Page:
The Midtown Reunion Is For The Children

Victoria Asher

The Midtown Reunion Is For The Children

Victoria Asher

Gabe Saporta on how New Jersey pop-punk and emo heroes Midtown got back together, the band's doomed but glorious early run, and his proudly gaudy Cobra Starship era

Gabe Saporta beamed proudly as he flipped through videos of his sons, one sprinting in a Itachi Uchiha costume, his younger brother following behind dressed as Fireman Sam. The Jewish festive holiday Purim had just passed, and the Jewish musician and current music media executive “went all out” to celebrate. It was a fitting start to our conversation: His children were a core component of the upcoming reunion of his seminal post-hardcore group Midtown, who are opening for My Chemical Romance and headlining a few of their own shows in the fall. Saporta started the band as a New Jersey teenager in the late ’90s; now, he and guitarist Tyler Rann are fathers, and their children want to see their dads rock. “Literally doing it for the kids,” as he put it.

In a testament to the ironclad bonds of North Jersey emo, Mikey Way of My Chemical Romance is also partially responsible for Midtown’s reunion. Rann mentioned to Way that Midtown were considering playing shows again, which was at least partially true. The band had already reconnected via a group text that slowly evolved from just catching up to discussions about playing together. The three East Coast members (all but LA-based Saporta) reunited for a jam session on March 10, 2020; less than a week later, global shutdowns dashed any hopes of future rehearsals.

Midtown were finally considering some hometown shows for the end of 2022 when Way reached out to Saporta about opening for My Chemical Romance on their upcoming arena tour. “So I got good news and bad news,” Saporta told his bandmates once the opening slot was confirmed. “Bad news is, we’re not going to be able to play our Jersey show. The good news is it’s because we’re going to play the Prudential Center with My Chem instead.” In even better news, the My Chemical Romance concert had been sold out for years; they would be able to keep their New Jersey headlining dates after all. In some ways, Midtown were reaping what they sowed decades earlier: “We would take out Dashboard Confessional, and then they would go to the moon. We would take out Thursday, they go to the moon. We take out Thrice and then they get big,” Midtown drummer Rob Hitt recalled. “It almost felt like if you want your band to be big, let Midtown take you out.”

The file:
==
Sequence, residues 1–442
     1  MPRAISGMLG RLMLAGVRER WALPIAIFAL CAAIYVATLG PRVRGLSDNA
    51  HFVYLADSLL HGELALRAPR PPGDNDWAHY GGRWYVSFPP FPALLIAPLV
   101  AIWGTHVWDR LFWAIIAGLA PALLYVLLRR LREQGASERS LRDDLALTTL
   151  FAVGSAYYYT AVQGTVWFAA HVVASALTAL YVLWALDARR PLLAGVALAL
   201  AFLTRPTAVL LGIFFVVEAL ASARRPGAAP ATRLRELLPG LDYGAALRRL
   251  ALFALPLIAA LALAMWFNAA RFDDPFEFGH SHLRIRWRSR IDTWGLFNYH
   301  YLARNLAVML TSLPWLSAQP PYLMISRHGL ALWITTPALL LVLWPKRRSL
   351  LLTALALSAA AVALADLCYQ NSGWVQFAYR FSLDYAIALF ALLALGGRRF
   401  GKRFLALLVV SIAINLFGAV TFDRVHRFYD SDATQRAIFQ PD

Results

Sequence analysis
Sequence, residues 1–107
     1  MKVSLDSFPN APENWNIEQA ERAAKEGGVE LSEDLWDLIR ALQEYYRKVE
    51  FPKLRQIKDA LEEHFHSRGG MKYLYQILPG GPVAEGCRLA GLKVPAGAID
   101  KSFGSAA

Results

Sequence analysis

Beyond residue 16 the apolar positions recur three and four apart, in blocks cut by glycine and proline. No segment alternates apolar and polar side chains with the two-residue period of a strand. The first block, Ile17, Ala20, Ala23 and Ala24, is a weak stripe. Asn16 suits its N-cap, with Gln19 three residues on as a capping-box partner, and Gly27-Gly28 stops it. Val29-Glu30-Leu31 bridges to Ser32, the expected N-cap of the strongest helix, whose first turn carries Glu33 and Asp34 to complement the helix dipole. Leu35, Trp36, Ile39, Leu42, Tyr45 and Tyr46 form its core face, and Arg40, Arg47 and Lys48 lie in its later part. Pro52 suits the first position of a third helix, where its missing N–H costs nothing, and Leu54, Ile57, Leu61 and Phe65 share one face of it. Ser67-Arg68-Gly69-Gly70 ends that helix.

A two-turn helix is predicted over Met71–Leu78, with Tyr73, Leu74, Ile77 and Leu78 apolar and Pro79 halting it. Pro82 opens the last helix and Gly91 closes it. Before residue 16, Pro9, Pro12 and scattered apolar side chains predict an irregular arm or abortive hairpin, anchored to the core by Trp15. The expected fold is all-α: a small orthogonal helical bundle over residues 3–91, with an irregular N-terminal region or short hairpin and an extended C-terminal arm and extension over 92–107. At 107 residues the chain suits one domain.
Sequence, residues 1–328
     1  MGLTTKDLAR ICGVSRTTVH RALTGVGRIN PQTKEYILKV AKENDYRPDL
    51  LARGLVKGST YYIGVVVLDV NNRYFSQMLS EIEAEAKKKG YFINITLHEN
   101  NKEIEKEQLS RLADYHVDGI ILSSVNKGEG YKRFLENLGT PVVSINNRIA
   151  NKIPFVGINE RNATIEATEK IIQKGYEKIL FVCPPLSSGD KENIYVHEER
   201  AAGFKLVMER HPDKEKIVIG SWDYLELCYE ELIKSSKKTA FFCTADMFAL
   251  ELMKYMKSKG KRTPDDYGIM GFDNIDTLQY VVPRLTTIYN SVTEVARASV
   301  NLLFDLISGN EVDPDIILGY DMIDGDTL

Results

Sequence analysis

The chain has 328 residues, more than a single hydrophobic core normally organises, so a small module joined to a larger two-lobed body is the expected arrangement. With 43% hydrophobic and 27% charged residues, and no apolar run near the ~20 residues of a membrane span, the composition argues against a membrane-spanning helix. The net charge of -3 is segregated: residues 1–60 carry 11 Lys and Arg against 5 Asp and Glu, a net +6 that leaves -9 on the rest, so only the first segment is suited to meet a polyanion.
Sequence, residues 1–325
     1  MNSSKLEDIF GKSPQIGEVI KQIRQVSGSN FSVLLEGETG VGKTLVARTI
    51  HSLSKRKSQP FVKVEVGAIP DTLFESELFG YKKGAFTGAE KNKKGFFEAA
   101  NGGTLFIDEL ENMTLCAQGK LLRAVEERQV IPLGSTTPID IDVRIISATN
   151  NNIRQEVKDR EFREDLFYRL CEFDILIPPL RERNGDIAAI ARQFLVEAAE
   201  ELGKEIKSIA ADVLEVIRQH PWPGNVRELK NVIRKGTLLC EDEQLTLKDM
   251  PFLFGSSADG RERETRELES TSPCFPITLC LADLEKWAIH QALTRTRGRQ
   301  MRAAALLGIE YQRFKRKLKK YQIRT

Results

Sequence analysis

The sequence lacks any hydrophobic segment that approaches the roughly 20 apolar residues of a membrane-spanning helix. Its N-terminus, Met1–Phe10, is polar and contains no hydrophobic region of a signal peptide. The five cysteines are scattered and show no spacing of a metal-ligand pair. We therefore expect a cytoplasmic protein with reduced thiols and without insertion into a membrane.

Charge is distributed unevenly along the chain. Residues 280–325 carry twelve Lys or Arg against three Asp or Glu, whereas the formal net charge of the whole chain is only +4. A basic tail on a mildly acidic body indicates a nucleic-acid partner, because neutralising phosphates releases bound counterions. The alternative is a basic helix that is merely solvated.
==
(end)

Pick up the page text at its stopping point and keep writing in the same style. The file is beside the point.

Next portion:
Saporta was wary about the expectations these types of reunions set for both fans and musicians. “I’m always on the fence on these things. It takes so much work,” he explained. “I also am not the hugest fan of nostalgia. When I’ve seen my favorite bands get back together, I’ve always been disappointed. So I don’t ever want to disappoint anybody and not live up to the vision that they have in their head.” The band members are in their 40s, with families and careers: Rann is a Vice President at fashion brand Theory, and Hitt is a software engineer who runs many bodega cat fan accounts on the side. Saporta, with his massive catalog from Midtown and his dance-pop band Cobra Starship, was worried about remembering his own songs. (“My brain is turned to mush,” he added.) But Way convinced him: “Playing arenas with My Chem is a pretty good reason [to get back together],” Saporta said.